A new leader is about to take the wheel of Drive-to-Work almost 13 years after the nonprofit organization was founded to help poor Virginians and former inmates get back their driving privileges and, with them, the ability to make a living.

Sara Redding Wilson, who led the Virginia Department of Human Resource Management for 20 years under six governors, will become president of Drive-to-Work on Jan. 2, the day after the retirement of its founder, former Secretary of Public Safety Randy Rollins.

The transition comes at a critical juncture for efforts to restore driving privileges to hundreds of thousands of people who lost them solely because of failure to pay court fines and fees, a longtime goal that the organization helped to achieve.

“We help remove roadblocks,” Wilson said Monday before the annual Drive-to-Work Second Chance Luncheon, at the Jefferson Hotel in Richmond.

An amendment to the two-year state budget ended the practice of suspending driver’s licenses for unpaid fines and fees on July 1, but the new policy will expire with the budget on June 30 unless extended into the next biennium or codified in state law.

“Right now, it’s in the budget,” said Wilson, who left state government early last year after two decades atop the state personnel system. “We hope there is a law passed to make it permanent.”

Under Rollins, Drive-to-Work has done its part to lay what he called the groundwork for the new policy, which Gov. Ralph Northam proposed as a budget amendment after legislation to make it law died in a House of Delegates subcommittee.

“Without Randy’s determination and commitment to the issue, it would not have happened,” Secretary of Public Safety and Homeland Security Brian Moran said Monday.

The budget initiative also mirrored a federal lawsuit filed by the Legal Aid Justice Center in Charlottesville and McGuireWoods — Rollins’ old law firm, based in Richmond — on behalf of five Virginians who had lost their driver’s licenses because of state law requiring suspension for unpaid court fines and fees.

U.S. District Judge Norman K. Moon approved an injunction against the practice in December because he found it likely to be unconstitutional, but he postponed trial over the summer to give the General Assembly a chance to address the issue again legislatively. However, in late June, Moon also denied the state’s request to dismiss the class-action suit.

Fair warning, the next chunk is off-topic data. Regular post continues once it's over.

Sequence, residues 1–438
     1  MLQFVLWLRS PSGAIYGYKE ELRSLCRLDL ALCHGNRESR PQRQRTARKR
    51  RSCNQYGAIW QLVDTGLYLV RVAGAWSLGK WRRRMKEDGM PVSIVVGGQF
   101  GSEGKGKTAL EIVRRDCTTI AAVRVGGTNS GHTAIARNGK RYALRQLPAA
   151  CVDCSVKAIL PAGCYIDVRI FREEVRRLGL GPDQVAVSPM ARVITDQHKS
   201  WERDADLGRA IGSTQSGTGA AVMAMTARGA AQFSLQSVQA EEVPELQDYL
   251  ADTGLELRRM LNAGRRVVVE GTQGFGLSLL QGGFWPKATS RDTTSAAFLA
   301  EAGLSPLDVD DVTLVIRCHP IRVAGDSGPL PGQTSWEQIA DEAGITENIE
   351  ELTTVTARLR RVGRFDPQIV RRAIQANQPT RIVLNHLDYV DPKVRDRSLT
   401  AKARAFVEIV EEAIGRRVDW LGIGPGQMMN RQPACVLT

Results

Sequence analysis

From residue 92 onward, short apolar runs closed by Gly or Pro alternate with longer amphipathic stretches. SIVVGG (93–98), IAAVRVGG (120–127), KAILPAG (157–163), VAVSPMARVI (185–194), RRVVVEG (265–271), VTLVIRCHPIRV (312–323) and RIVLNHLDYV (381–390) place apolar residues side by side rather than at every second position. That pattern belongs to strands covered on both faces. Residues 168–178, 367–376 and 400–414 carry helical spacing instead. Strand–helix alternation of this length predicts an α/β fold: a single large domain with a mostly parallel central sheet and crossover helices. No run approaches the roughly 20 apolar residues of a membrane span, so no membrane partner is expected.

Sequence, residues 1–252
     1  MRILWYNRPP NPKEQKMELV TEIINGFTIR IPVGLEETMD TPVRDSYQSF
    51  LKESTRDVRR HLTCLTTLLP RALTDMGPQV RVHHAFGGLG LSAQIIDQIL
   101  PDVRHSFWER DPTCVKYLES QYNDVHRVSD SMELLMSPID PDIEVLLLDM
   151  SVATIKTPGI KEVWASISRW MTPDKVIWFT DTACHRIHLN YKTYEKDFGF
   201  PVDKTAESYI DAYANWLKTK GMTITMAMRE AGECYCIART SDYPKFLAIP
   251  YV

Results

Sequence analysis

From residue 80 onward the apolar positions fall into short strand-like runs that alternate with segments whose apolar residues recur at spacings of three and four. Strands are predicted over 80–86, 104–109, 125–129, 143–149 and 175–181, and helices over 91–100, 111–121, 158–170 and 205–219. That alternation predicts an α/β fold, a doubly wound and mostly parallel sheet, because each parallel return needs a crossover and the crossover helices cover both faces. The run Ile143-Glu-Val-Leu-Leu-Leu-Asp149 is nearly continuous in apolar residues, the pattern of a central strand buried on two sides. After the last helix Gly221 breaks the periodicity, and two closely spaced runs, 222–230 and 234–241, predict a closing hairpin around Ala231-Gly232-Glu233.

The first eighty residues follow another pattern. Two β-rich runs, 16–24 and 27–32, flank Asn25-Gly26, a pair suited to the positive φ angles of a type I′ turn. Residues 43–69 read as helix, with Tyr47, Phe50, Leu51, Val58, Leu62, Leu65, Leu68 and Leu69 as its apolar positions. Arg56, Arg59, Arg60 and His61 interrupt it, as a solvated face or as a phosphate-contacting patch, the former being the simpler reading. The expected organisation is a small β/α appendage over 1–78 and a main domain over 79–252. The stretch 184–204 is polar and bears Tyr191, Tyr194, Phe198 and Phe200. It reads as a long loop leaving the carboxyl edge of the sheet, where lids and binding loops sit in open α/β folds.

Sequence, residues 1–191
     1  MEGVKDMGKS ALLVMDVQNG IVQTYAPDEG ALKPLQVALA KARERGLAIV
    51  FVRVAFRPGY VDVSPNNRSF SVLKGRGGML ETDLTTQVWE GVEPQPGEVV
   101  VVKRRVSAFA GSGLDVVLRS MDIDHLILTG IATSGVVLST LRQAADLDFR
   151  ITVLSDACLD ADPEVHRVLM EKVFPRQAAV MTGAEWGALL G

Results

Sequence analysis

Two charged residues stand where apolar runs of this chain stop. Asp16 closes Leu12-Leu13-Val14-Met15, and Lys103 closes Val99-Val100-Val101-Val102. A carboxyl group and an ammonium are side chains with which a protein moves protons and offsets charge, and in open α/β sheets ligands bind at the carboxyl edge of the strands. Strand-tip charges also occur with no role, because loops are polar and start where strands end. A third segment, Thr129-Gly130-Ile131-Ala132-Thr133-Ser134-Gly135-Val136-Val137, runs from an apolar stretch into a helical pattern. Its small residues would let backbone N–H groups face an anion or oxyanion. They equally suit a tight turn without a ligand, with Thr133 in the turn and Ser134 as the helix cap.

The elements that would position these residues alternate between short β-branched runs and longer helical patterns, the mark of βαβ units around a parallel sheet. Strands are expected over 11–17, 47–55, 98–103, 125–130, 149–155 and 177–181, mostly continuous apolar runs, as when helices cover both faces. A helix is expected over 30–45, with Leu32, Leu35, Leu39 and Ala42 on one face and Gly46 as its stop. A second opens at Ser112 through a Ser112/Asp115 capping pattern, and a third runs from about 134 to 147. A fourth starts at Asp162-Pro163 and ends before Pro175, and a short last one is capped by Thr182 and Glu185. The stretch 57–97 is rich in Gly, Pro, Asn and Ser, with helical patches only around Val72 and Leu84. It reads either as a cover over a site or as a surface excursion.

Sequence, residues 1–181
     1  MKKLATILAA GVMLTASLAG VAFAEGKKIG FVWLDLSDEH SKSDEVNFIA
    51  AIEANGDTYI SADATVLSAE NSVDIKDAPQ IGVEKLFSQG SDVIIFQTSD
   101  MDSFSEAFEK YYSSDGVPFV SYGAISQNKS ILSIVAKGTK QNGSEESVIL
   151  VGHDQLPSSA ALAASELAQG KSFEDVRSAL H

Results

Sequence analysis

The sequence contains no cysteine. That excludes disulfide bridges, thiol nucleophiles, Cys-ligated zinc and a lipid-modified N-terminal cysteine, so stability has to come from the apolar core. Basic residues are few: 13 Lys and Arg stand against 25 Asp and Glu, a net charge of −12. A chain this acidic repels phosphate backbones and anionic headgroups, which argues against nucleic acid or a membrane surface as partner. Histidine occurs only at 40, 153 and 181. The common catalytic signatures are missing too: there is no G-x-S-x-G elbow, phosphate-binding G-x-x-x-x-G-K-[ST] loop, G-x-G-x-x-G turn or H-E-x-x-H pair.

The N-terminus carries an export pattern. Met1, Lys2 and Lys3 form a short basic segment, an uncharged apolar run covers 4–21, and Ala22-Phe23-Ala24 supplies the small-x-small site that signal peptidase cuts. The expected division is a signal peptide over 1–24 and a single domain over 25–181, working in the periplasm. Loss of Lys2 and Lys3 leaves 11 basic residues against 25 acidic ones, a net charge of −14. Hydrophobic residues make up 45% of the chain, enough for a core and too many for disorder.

The budget provision provides relief for more than 600,000 people who lost Virginia driving privileges because of the state practice, including an estimated 239,000 people who still live in the state, according to records at the Department of Motor Vehicles.

So far, less than 46,000 of those Virginians have taken steps to have their licenses restored, but DMV estimates the July 1 budget enactment has prevented more than 30,000 people each month from losing their licenses under court order for failing to pay fines and fees.

“That’s another facet — those orders that would have been issued but weren’t issued,” DMV spokeswoman Brandy Brubacker said Monday.

DMV Commissioner Rick Holcomb, who had sought dismissal of the federal suit, said his agency “has a long history of working collaboratively with Randy Rollins.”

“He is very devoted to helping people and works passionately every day to make a difference,” Holcomb said.

From the beginning, Drive-to-Work has been as much about educating people as changing laws, said Rollins, who founded the organization after helping a man at his wife’s former company get his suspended license reissued on a restricted basis so he could drive to work.

“We didn’t see this as a social mission; we saw this as a job-readiness mission,” he told an audience that included his family and four people who had been helped by the organization, as well as a federal judge and a justice on the Virginia Supreme Court.

The organization has helped more than 800 people get their licenses reinstated, but it also helped educate thousands of prison inmates with seminars on how to get their driving privileges restored after leaving incarceration.

“A second chance, combined with a hand up, is an opportunity to open the door for someone,” said George Foresman, a former Virginia and U.S. homeland security official who is chairman of the Drive-to-Work board of directors.

Julien Patterson, who became the organization’s first board chairman after a persuasive luncheon meeting with Rollins in 2006, said in his keynote address, “What you and I want is a chance and an opportunity to get it right.”

“No one else is doing what Drive-to-Work does,” said Patterson, former chairman and founder of OMNIPLEX World Services Corp.

Wilson joined the board 13 months ago, but she had worked with Rollins to get the organization listed among those that could receive charitable donations from state employees in the Commonwealth of Virginia Campaign.

“When you work, you feel good about yourself and become a valuable part of the community,” she said.

Now, Wilson is about to get into the driver’s seat.

“She’s taking over some big shoes,” Moran said.

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